Saphenous varicose veins affect the saphenous veins in the legs. They swell significantly larger than their intended size and protrude from the skin. The veins appear very large and ropelike. This type of varicose vein can be colourless but still noticeable because it protrudes out.

    Reticular varicose veins:
    Reticular varicose veins spread like a mesh, covering a larger skin area. The veins are typically thicker and coloured red, green, or purple. Reticular veins don't always bulge out, but they can be unsightly.

    Spider Veins:
    Spider veins are smaller in size, red or blue in colour, and occur anywhere on the body. Spider veins usually spread in a web shape rather than a mesh shape, and they are thinner and smaller than other varicose veins.


    Varicose veins have several symptoms, which may include:

    Veins that are dark purple or blue, and the visibility of these changes varies depending on skin colour.
    Veins that appear twisted and bulging, resembling cords on the legs.

    An achy or heavy sensation in the legs can worsen after sitting or standing for a long time.
    The lower legs are burning, throbbing, cramping, and swelling.
    Itching around one or more veins.
    Skin colour changes around a varicose vein.
    If you are experiencing any of these symptoms, you should see a doctor for an accurate diagnosis and treatment.


    Weakened valves and vein walls cause varicose veins. Here’s a summary of the causes:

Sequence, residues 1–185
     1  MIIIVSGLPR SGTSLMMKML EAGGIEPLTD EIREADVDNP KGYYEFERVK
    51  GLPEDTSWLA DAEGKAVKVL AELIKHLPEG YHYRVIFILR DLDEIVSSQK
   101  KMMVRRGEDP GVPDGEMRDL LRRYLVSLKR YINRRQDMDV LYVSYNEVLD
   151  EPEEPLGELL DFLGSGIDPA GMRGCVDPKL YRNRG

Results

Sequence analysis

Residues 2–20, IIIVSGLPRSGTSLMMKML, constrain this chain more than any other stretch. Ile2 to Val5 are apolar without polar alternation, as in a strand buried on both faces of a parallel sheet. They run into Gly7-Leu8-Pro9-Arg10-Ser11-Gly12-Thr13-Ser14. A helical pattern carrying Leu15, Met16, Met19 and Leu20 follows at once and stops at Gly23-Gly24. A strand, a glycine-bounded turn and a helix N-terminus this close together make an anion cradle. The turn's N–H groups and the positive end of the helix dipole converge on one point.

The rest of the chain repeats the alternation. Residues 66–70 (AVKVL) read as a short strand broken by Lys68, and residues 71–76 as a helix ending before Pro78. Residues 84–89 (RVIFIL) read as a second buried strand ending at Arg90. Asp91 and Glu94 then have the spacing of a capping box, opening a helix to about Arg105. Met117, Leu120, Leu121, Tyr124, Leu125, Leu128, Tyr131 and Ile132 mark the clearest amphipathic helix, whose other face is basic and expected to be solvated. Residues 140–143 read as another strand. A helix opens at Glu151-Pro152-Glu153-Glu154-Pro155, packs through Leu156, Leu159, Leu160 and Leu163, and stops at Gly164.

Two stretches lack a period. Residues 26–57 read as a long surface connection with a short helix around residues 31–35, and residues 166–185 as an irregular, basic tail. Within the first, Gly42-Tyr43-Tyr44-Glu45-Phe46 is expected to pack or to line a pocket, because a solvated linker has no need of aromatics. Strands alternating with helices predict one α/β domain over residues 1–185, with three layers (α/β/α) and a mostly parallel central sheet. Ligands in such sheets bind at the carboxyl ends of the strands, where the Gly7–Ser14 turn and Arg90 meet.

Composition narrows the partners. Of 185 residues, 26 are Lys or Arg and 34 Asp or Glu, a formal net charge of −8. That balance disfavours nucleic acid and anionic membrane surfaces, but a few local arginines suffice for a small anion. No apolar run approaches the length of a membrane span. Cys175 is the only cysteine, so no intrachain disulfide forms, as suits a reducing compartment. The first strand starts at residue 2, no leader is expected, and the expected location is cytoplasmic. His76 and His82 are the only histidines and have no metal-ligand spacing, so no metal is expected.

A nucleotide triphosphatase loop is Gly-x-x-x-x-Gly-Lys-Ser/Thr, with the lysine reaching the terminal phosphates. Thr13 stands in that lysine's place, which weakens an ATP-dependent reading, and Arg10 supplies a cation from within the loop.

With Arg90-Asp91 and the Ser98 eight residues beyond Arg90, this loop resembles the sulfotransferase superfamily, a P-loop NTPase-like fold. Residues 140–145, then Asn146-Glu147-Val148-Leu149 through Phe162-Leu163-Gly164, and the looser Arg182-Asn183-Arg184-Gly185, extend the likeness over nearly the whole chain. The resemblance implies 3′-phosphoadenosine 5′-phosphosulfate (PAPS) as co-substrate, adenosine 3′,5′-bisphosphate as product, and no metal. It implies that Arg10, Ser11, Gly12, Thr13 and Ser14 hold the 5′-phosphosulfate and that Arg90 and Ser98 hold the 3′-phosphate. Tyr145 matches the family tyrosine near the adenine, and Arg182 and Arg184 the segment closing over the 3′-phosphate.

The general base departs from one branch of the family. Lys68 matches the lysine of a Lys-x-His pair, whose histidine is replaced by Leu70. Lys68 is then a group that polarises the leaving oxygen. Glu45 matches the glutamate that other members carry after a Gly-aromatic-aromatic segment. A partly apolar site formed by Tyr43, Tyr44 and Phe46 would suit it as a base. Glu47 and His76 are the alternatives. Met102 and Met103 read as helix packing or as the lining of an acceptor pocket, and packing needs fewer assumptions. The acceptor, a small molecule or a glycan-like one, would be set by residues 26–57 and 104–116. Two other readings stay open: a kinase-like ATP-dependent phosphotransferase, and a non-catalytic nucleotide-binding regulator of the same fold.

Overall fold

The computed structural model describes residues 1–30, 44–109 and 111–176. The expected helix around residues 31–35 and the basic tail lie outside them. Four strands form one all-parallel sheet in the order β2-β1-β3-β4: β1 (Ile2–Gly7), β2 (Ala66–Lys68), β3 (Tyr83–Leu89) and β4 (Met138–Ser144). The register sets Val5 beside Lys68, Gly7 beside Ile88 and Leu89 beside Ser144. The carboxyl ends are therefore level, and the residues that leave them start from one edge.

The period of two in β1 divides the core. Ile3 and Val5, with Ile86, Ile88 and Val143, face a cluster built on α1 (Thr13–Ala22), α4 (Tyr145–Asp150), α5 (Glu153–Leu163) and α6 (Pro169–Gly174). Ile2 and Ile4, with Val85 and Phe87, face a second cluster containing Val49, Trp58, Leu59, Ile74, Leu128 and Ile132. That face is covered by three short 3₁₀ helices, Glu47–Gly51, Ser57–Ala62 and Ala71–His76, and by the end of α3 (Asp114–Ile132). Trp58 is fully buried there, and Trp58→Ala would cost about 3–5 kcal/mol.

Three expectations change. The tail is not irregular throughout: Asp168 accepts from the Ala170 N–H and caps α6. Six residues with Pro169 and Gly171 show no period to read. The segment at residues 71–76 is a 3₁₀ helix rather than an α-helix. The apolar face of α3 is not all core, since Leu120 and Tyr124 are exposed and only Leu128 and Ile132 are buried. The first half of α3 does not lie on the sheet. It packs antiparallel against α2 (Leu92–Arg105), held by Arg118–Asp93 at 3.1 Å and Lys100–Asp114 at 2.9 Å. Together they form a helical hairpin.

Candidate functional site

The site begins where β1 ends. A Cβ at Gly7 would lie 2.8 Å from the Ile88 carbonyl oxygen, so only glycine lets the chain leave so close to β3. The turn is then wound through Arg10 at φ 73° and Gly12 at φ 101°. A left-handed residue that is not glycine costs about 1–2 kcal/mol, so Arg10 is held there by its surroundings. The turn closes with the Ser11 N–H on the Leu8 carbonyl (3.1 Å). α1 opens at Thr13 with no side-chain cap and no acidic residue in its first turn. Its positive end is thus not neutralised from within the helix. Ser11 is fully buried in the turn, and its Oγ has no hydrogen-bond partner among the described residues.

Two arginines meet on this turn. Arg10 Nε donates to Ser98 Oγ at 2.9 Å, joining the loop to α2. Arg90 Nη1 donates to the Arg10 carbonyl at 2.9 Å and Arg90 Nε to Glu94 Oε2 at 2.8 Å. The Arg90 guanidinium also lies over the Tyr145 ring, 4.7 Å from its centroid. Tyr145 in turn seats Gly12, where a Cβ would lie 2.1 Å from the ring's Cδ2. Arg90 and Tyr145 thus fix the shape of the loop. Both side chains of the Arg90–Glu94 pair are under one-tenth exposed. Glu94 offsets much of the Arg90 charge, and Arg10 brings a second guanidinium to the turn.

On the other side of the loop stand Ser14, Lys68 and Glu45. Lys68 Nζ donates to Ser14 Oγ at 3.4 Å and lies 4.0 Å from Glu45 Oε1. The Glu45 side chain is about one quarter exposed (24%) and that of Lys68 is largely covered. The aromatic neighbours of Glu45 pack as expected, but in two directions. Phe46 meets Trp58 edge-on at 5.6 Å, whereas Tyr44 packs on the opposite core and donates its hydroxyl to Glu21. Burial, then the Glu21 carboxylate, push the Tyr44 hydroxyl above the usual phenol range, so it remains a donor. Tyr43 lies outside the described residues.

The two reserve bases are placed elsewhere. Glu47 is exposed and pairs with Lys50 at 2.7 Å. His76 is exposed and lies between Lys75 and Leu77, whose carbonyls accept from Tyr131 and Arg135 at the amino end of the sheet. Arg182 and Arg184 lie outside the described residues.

Valve Malfunction: Normally, veins have one-way valves to prevent blood from flowing backwards. If these valves are weak or damaged, blood can back up and pool in the veins, causing them to enlarge.
    Risk Factors: Several factors can increase the risk of developing varicose veins, including family history, age, menopause, pregnancy, prolonged standing, being overweight, and a sedentary lifestyle.
    Complications: If left untreated, varicose veins can lead to ulcers, blood clots, and bleeding.
    Treatment can range from self-care measures like exercise and wearing compression stockings to medical procedures such as sclerotherapy, laser surgery, or vein stripping.

    Risk factors:

    There are two major risk factors for varicose veins:

    • Family history: If you have other family members with varicose veins, you are also more likely to develop them.

    • Obesity: Being overweight increases the pressure on the veins.

    Other factors that may increase the risk of varicose veins are:

    • Age: Aging wears down the valves in the veins that control blood flow. Over time, the valves wear, allowing some blood to flow back into the veins and collect.